Obviously, two rather contradictory principles regarding the jurisdiction are currently in force in the European Union. On one hand, the international nuclear liability conventions clearly follow the provisions of liability channelling and concentrate all proceedings to one court. On other hand, the Brussels I. Regulation obviously prefers to make the plaintiff possible to choose between submitting its claims by the court in the country where incident occurred and by the court in his home country. This paper aims to identify interfaces between these two contradictory principles with special attention to the possibility to enforce the judgments issued by courts of non-convention states (i.e. Austria, Ireland, Luxembourg) in those member countries, which are contracting parties either to the Paris or to the Vienna Convention.
Monday, August 30, 2010
Allan Erbsen (University of Minnesota School of Law) has posted Impersonal Jurisdiction to SSRN.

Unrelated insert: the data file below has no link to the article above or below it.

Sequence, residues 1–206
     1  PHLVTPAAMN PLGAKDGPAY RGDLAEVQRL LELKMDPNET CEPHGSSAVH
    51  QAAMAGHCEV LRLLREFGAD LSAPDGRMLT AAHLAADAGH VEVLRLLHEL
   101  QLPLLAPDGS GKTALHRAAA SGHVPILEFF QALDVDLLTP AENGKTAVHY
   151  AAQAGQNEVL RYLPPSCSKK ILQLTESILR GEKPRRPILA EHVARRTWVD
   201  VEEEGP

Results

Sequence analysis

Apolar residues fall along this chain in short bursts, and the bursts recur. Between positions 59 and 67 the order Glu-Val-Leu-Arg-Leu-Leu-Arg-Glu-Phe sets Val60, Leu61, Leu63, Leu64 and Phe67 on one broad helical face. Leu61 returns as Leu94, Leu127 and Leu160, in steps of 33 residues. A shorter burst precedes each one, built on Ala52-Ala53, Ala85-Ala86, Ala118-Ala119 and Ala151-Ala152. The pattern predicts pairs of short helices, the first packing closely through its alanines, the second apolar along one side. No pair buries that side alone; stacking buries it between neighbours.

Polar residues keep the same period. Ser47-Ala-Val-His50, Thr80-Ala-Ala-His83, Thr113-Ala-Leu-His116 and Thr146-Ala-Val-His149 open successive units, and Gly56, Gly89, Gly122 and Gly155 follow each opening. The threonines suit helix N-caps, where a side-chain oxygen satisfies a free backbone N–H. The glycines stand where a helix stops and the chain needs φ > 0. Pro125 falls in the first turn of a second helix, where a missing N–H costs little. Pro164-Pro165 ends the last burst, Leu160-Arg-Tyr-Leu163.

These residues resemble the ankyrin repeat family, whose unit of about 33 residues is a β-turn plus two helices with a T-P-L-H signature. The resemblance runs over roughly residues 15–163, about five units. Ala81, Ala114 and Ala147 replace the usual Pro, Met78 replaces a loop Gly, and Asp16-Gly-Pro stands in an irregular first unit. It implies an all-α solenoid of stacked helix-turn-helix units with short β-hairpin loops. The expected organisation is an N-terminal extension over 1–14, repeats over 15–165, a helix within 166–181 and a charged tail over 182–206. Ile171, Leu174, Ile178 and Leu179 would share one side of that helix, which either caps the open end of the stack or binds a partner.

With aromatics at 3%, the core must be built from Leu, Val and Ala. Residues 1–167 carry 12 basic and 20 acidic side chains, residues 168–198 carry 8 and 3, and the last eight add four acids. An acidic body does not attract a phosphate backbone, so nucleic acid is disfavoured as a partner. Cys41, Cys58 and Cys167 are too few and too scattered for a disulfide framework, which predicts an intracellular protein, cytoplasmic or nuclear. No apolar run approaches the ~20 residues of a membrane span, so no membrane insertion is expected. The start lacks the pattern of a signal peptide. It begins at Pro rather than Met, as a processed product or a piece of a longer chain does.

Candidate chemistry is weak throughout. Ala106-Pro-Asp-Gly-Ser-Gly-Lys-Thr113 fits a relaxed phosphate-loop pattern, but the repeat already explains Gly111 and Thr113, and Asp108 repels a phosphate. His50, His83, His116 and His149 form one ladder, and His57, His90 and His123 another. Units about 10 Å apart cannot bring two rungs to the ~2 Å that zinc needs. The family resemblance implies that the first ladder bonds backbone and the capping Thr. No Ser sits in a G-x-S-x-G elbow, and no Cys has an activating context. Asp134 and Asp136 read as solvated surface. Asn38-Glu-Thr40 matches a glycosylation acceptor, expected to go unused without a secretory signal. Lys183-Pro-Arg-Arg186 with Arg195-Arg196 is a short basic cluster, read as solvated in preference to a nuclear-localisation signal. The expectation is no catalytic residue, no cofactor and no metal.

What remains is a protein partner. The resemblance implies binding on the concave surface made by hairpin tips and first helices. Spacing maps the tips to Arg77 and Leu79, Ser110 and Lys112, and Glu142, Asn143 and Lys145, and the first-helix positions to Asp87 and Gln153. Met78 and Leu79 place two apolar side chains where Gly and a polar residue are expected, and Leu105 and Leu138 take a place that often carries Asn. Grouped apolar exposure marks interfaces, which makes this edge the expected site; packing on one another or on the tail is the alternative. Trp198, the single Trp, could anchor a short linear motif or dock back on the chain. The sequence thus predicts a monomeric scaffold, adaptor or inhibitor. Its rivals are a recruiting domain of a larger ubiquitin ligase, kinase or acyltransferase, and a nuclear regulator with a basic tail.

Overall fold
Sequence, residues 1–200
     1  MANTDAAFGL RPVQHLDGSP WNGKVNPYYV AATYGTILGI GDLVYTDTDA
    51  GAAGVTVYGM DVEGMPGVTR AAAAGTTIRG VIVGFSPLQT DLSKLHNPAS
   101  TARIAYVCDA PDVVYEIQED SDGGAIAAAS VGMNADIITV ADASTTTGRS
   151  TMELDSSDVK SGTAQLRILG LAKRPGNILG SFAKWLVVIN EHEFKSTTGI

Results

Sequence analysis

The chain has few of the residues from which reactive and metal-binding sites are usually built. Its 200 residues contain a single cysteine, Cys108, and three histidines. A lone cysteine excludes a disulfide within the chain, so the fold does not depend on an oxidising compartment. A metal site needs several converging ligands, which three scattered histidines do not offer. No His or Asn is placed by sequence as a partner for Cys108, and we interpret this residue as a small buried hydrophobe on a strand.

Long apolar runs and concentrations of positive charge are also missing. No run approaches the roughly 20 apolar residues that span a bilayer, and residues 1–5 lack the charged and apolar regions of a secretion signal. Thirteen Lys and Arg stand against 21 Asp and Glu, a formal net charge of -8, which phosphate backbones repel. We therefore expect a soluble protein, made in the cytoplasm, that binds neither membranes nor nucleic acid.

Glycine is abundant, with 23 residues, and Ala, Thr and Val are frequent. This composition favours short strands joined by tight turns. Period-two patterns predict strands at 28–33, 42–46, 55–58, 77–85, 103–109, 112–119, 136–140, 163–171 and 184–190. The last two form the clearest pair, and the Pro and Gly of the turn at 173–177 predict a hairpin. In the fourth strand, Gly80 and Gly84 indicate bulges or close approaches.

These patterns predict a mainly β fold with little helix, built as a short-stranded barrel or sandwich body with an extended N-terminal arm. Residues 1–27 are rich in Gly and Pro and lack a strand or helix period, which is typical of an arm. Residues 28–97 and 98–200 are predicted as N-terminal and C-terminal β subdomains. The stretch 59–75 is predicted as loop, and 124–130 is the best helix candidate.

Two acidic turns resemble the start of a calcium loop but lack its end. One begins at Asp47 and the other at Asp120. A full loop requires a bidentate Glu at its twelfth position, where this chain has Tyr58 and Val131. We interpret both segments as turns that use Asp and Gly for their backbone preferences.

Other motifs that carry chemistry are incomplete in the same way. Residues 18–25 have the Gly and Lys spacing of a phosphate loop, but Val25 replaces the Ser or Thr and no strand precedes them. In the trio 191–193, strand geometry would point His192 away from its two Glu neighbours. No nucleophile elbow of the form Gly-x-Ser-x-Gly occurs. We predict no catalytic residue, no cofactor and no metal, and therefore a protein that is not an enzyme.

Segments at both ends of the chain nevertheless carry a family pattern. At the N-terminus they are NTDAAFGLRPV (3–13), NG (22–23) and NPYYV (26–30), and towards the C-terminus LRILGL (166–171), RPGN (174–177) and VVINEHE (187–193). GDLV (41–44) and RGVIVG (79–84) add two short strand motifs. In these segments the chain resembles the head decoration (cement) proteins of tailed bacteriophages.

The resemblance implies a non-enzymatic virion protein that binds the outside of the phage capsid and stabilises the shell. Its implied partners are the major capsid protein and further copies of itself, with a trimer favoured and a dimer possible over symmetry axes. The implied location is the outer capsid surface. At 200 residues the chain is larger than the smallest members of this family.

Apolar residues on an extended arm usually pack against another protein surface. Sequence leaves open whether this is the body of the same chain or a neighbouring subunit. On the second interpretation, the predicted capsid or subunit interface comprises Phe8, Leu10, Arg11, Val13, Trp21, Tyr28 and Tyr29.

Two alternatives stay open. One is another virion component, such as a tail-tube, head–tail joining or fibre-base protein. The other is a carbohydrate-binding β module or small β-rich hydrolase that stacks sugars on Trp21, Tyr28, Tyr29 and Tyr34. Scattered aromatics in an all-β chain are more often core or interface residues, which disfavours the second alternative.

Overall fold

Constitutional law governing personal jurisdiction in state courts inspires fascination and consternation. Courts and commentators recognize the issue’s importance, but cannot agree on the purpose that limits on personal jurisdiction serve, which clauses in the Constitution (if any) supply those limits, and whether current doctrine implementing those limits is coherent. This Article seeks to reorient the discussion by developing a framework for thinking about why and how the Constitution regulates personal jurisdiction. It concludes that principles animating the emerging field of horizontal federalism—the constitutional relationship between states—should guide jurisdictional rules and instigate sweeping reevaluation of modern jurisprudence. The Article proceeds in three steps: it strips away layers of history and doctrine to present a model for thinking about why constitutional limits on personal jurisdiction may be necessary, shows how the model places personal jurisdiction within a broader context of constitutional law governing horizontal federalism, and considers how analyzing personal jurisdiction within this context challenges pivotal assumptions underlying modern doctrine and canonical understandings of how civil procedure and constitutional law intersect. In particular, the Article questions two pillars of the Supreme Court’s jurisprudence. First, it considers whether the Constitution makes Congress rather than the judiciary the primary institution for regulating jurisdiction in state courts, and thus whether the prospect of diversity jurisdiction and removal to federal court should preempt judicially created due process remedies against jurisdictional overreaching by state courts. Second, it challenges the coherence of the multifactored reasonableness test that courts use to implement due process limits on state authority. More generally, the Article creates a framework for thinking about personal jurisdiction that ties the subject into analogous debates about ostensibly distinct areas of constitutional law and provides a foundation for testing competing normative critiques of modern doctrine. The Article thus generates insights that can reshape a much maligned area of law that routinely confounds courts and scholars.